The government will lose less money from three Covid loan programs due to companies failing or committing fraud than initially feared, new figures suggest.
An estimate by the Department of Business, Energy and Industrial Strategy (BEIS) found that around £ 19.8 million of the £ 66.5 billion that was loaned under three programs could be lost.
The data only extends through March of this year, and more than an additional £ 10bn was on loan before the close, so the final figure lost is likely to be a bit higher.
That’s a large sum of money, but a far cry from a previous estimate which placed losses between 35% and 60% – or around £ 23-40 billion on loans that were made in March.
To speed up program payments, lenders only had to do the most basic checks before distributing money to businesses. In the end, over a million businesses took out a rebound loan.
The bulk checks have left many worried that fraudsters could target the scheme in large numbers.
The government estimates that between £ 3.6bn and £ 6.3bn in loans could be lost due to fraud and error.
“Most of these expected losses result from borrowers defaulting on legitimate reasons, but the department has also factored in anticipated losses due to fraud in the BBLS,” the department said.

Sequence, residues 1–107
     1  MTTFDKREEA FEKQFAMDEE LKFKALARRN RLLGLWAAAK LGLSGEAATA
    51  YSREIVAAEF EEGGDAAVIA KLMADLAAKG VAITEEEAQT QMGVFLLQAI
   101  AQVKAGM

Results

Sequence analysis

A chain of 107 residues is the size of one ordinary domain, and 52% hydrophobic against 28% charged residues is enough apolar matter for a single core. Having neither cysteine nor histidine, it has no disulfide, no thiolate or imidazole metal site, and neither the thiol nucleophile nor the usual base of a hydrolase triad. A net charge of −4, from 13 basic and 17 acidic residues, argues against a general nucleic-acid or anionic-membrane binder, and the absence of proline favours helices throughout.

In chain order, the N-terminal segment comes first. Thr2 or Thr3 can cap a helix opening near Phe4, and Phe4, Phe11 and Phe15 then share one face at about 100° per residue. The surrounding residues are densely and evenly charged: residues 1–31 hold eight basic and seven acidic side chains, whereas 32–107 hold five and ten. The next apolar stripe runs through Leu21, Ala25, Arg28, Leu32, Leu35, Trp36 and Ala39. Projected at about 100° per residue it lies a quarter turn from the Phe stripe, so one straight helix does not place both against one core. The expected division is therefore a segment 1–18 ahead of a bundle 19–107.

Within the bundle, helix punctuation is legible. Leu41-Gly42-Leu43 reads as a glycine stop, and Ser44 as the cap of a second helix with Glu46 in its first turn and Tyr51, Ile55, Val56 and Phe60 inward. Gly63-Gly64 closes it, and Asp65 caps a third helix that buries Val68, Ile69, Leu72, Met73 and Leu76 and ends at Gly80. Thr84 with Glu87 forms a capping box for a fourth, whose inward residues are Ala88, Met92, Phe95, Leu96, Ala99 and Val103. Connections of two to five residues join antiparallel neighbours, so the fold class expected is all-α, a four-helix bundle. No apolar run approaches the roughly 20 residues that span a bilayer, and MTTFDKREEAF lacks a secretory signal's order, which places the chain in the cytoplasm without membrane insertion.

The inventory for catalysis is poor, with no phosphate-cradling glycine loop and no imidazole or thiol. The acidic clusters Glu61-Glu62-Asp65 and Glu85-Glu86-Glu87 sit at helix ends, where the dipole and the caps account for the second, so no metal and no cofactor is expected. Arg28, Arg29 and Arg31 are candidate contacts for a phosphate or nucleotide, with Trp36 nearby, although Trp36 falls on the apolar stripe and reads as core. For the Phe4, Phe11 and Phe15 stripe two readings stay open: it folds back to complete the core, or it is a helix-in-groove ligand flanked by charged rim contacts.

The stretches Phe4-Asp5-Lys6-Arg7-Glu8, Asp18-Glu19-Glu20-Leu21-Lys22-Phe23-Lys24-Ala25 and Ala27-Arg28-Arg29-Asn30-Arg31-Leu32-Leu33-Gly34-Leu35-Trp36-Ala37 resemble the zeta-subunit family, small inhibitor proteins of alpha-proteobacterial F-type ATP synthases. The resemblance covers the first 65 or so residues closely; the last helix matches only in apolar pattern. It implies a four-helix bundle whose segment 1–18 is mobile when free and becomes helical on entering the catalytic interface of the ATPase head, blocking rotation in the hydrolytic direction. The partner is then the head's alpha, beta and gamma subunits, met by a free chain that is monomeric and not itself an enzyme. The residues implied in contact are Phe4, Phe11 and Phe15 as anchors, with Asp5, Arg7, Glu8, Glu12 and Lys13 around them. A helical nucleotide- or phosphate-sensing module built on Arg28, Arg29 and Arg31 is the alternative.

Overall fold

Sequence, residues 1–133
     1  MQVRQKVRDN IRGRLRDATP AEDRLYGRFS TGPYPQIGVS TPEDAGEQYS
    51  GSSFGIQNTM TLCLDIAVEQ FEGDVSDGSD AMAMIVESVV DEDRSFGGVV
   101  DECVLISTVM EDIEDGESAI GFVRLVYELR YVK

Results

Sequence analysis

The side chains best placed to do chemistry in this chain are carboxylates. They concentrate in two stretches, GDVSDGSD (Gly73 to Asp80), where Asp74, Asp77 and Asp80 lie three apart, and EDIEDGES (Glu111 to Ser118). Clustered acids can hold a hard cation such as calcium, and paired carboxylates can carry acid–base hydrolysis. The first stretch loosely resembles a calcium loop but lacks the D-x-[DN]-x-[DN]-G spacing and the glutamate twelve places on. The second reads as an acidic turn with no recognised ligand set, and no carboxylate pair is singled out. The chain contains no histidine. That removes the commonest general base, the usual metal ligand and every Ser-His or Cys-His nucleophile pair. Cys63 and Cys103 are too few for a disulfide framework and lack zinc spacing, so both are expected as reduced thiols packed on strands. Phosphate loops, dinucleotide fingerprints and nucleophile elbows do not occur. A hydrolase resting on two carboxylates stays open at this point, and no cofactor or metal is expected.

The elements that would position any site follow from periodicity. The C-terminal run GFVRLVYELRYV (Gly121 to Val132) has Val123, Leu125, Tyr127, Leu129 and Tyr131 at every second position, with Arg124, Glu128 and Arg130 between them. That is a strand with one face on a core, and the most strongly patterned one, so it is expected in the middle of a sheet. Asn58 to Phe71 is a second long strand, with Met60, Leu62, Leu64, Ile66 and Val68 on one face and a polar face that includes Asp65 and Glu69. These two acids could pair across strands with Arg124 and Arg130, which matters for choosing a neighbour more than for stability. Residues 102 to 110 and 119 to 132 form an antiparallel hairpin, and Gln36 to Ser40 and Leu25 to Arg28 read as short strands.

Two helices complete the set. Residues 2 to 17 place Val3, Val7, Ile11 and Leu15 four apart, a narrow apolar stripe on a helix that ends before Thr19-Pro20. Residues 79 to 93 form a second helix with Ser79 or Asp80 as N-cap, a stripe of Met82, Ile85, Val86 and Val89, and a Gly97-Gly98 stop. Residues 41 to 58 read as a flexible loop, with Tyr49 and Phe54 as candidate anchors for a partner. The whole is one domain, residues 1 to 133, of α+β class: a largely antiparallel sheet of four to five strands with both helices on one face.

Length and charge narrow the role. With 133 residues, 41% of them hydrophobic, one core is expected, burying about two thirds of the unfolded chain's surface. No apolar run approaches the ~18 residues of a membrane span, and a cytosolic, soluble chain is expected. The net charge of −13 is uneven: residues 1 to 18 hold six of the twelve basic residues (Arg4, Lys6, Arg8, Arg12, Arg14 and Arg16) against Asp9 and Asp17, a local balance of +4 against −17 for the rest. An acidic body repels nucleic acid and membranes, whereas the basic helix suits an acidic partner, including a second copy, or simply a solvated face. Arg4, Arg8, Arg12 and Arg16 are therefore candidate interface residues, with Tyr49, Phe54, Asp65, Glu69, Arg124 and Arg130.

“He considers that due to the design of the program and the speed with which loans were issued through this program, the risk of fraud is considerably higher than in the other two loan programs.”
He worked with the insolvency department, the house of companies, other departments, banks and local authorities to track down the crooks.
This work is expected to continue for several years. Authorities have already made more than 65 arrests and recovered £ 3.5million as a result.
About 4% of the rebound loans were repaid in full, while 2% were in default, according to the British Business Bank, which administered the program.
More than a fifth of businesses have chosen an option that allows them to repay their loans at a slower pace.
Only about half a percent of the loans from two other programs, called CBILS and CLBILS, are in default.
The British Business Bank said: ‘Although it is too early to give a definitive view of the final level of defaults, this latest data suggests that current levels of non-repayment are lower than some illustrative worst-case scenarios presented. before the start of refunds. .
“These levels are, however, subject to any change in market conditions or individual circumstances, and are therefore expected to fluctuate in the future.”